- buy some of the pre-assembled "raw ingredient" kits from food storage companies (like Shelf Reliance), and then either rotate the ingredients into your everyday cooking or just simply store until needed.

- buy some of the pre-assembled "full meal" kits from food storage companies (like Daily Bread), and simply store until needed. These are cans or kits of ready-to-go meals usually only needing to be reconstituted with hot water. Not much prep involved. Sorta like gourmet MREs.

- do a blend of any or all of the above.

Really, truly, the BEST food storage method is WHICHEVER method or combination of methods that works best for YOU!!!

Stay tuned and I'll go into more details on the various methods, and then we'll start exploring the specific stuff that I store and give you some ideas of what exactly I do with it.

Our Saga with Radon

Tuesday, January 10, 2012


Our saga with radon starts in early December, when I came across an article on KSL.com about a man in Cottonwood Heights who parts of both lungs to lung cancer caused by radon gas in his home - never smoked a day in his life. (We've since found out that this wonderful man is the president of the stake that some of our friends attend.)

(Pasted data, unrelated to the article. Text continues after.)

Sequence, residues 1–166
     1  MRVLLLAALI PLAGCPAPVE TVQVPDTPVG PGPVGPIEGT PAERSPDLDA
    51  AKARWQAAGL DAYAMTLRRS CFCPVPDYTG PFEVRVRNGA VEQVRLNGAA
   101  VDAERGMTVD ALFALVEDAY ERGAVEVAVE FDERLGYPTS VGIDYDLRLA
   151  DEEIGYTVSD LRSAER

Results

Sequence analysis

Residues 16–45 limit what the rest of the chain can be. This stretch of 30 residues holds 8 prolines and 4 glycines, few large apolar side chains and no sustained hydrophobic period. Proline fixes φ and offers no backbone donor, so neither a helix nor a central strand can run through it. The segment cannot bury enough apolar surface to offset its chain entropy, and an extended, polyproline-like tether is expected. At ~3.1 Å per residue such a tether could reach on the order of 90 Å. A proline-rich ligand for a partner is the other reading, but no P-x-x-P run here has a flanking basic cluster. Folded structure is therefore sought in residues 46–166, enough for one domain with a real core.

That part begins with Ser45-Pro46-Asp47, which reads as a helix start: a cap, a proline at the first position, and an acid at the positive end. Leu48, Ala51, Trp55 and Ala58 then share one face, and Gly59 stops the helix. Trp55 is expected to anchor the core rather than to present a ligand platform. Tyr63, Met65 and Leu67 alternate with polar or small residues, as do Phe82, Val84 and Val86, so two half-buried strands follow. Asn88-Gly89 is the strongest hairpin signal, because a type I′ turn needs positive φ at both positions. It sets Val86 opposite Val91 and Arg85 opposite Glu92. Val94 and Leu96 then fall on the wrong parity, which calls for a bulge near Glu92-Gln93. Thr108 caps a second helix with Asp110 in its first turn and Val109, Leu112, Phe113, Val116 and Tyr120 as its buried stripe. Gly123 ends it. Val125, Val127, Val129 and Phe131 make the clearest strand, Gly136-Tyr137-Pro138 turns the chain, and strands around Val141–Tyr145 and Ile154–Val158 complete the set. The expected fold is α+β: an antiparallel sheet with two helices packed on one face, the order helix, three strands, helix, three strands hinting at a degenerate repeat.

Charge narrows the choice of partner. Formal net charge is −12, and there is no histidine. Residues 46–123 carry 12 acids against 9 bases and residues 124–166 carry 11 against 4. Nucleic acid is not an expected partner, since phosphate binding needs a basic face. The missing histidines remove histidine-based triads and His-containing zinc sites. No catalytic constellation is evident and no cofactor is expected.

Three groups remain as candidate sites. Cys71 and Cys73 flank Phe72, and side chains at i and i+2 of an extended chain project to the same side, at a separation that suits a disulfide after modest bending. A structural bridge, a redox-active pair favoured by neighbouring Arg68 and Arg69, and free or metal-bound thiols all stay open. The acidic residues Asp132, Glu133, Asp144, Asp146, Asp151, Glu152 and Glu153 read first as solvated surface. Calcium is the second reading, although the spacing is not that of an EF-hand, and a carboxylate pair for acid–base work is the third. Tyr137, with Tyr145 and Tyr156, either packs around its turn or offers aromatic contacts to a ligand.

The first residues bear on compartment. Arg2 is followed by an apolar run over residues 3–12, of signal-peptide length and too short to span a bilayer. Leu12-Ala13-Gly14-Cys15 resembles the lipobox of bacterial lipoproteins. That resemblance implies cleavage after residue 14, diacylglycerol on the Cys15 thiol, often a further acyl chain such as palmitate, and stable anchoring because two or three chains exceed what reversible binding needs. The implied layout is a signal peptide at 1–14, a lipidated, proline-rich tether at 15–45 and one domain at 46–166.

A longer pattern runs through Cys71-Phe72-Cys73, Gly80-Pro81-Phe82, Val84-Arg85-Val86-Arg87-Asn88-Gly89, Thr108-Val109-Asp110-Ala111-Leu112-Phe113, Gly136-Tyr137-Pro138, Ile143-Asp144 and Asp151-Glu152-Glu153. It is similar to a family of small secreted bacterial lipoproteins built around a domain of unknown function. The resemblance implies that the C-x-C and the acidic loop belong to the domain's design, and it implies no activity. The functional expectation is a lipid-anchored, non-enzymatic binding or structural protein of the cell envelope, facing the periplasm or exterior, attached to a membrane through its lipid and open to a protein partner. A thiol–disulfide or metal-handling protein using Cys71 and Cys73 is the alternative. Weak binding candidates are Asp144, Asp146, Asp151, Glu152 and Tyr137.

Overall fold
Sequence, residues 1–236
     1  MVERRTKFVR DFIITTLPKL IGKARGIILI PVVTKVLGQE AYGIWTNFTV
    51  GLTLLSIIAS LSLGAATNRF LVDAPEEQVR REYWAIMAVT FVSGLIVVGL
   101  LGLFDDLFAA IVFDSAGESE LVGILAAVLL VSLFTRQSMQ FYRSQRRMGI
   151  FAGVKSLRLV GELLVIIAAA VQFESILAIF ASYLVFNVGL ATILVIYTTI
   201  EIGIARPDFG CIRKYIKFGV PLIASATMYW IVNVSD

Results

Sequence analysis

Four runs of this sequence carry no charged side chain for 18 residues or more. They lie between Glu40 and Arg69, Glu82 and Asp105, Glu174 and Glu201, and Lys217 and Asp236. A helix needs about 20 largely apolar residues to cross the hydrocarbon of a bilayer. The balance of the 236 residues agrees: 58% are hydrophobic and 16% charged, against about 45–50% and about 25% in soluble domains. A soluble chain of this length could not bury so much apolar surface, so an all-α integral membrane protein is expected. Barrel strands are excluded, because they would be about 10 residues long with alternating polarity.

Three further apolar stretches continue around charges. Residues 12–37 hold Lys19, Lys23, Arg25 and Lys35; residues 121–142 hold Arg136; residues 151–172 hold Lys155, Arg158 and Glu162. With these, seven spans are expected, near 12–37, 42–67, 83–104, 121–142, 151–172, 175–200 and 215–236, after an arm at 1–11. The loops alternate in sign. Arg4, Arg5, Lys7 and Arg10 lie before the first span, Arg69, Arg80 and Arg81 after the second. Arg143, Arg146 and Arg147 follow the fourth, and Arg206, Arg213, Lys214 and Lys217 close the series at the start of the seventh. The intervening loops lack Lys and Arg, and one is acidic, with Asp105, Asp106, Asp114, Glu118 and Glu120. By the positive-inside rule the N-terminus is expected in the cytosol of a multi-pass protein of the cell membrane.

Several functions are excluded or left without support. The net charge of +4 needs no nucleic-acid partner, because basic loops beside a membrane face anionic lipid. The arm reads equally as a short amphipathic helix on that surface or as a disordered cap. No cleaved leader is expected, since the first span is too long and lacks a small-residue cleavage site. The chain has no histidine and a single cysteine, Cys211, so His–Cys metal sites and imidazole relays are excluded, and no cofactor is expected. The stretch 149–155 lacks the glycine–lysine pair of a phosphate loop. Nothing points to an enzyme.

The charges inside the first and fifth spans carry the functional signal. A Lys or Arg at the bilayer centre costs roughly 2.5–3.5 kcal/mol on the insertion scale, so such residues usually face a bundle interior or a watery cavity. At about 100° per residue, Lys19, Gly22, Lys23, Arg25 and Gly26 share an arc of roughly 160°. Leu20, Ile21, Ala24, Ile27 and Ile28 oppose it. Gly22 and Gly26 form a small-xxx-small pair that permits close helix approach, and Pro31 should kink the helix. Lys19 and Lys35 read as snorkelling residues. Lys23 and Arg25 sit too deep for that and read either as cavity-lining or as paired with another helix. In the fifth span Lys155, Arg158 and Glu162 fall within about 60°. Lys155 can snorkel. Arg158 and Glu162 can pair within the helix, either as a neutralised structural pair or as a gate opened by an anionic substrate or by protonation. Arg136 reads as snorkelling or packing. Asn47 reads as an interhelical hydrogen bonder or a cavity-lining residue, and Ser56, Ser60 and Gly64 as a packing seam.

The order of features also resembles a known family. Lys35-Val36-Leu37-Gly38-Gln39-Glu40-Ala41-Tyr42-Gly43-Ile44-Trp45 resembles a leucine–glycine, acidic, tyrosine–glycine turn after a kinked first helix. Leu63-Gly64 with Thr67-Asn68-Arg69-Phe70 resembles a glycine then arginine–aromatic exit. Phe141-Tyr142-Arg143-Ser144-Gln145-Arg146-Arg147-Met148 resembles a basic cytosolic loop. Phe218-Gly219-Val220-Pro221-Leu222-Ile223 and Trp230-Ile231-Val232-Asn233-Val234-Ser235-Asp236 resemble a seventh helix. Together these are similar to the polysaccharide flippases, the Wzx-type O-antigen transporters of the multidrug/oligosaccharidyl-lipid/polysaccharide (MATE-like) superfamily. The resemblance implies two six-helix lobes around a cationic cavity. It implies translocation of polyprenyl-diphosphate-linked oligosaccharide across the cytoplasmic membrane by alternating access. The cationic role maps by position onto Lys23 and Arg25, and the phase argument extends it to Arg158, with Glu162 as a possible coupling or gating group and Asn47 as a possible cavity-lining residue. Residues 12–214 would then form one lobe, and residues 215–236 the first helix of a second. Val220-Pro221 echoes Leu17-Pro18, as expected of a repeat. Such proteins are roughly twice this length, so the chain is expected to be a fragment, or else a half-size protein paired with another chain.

Now, I had actually heard about radon gas several years ago. For some reason there were some concerns in the area we lived in in Colorado back when I was in high school, and my parents had talked about doing some testing, but never got around to it. But at least I knew sortof what it was.

Fast forward about 20 years...but it just never occurred to me to have it tested in my own home once I "grew up". And until I read the article recently and did a little studying, I had NO IDEA how pervasive the radon problem was in Utah! Studies estimate that approximately 1 in every 3 Utah homes could test high for radon gas.

But it's not just a problem in Utah - it can affect any home, anywhere.

Radon gas is produced by the breakdown of uranium and other minerals in soil. It escapes out of the soil, through your foundation and into your home. It is ODORLESS, TASTELESS, INVISIBLE and worst of all, RADIOACTIVE! Radon gas is the second leading cause of lung cancer in the United States!!! [Now, just because you have radon in your home doesn't mean you're guaranteed to get lung cancer - it just puts you at higher risk.]

After reading the article, I finally figured enough was enough, and it was time to bite the bullet and order some tests. We live very close to the western Oquirrh mountain foothills (in the lower elevations) near a canyon and near a huge copper mine - which puts our property at greater risk for higher concentrations of radon due to the higher granite and mineral content of the ground underneath us.